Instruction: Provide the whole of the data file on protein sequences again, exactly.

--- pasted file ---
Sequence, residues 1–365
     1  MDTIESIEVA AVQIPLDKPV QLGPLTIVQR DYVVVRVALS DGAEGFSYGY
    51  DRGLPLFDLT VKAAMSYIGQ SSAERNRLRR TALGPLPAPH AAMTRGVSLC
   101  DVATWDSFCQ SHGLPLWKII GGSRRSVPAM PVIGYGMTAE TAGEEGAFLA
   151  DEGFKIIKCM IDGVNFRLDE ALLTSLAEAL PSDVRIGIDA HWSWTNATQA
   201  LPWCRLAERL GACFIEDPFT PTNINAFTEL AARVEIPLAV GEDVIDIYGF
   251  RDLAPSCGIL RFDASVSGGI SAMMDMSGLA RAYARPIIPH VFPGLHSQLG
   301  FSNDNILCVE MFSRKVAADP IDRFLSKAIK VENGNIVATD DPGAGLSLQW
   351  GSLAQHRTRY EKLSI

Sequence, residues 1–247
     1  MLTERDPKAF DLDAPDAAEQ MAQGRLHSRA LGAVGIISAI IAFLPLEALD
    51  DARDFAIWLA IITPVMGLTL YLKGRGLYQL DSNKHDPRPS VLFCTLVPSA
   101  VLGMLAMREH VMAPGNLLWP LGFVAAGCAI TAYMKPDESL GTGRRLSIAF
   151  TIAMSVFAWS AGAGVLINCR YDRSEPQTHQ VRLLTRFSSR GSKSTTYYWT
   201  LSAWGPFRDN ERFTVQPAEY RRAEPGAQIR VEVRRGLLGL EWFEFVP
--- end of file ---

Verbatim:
Sequence, residues 1–365
     1  MDTIESIEVA AVQIPLDKPV QLGPLTIVQR DYVVVRVALS DGAEGFSYGY
    51  DRGLPLFDLT VKAAMSYIGQ SSAERNRLRR TALGPLPAPH AAMTRGVSLC
   101  DVATWDSFCQ SHGLPLWKII GGSRRSVPAM PVIGYGMTAE TAGEEGAFLA
   151  DEGFKIIKCM IDGVNFRLDE ALLTSLAEAL PSDVRIGIDA HWSWTNATQA
   201  LPWCRLAERL GACFIEDPFT PTNINAFTEL AARVEIPLAV GEDVIDIYGF
   251  RDLAPSCGIL RFDASVSGGI SAMMDMSGLA RAYARPIIPH VFPGLHSQLG
   301  FSNDNILCVE MFSRKVAADP IDRFLSKAIK VENGNIVATD DPGAGLSLQW
   351  GSLAQHRTRY EKLSI

Sequence, residues 1–247
     1  MLTERDPKAF DLDAPDAAEQ MAQGRLHSRA LGAVGIISAI IAFLPLEALD
    51  DARDFAIWLA IITPVMGLTL YLKGRGLYQL DSNKHDPRPS VLFCTLVPSA
   101  VLGMLAMREH VMAPGNLLWP LGFVAAGCAI TAYMKPDESL GTGRRLSIAF
   151  TIAMSVFAWS AGAGVLINCR YDRSEPQTHQ VRLLTRFSSR GSKSTTYYWT
   201  LSAWGPFRDN ERFTVQPAEY RRAEPGAQIR VEVRRGLLGL EWFEFVP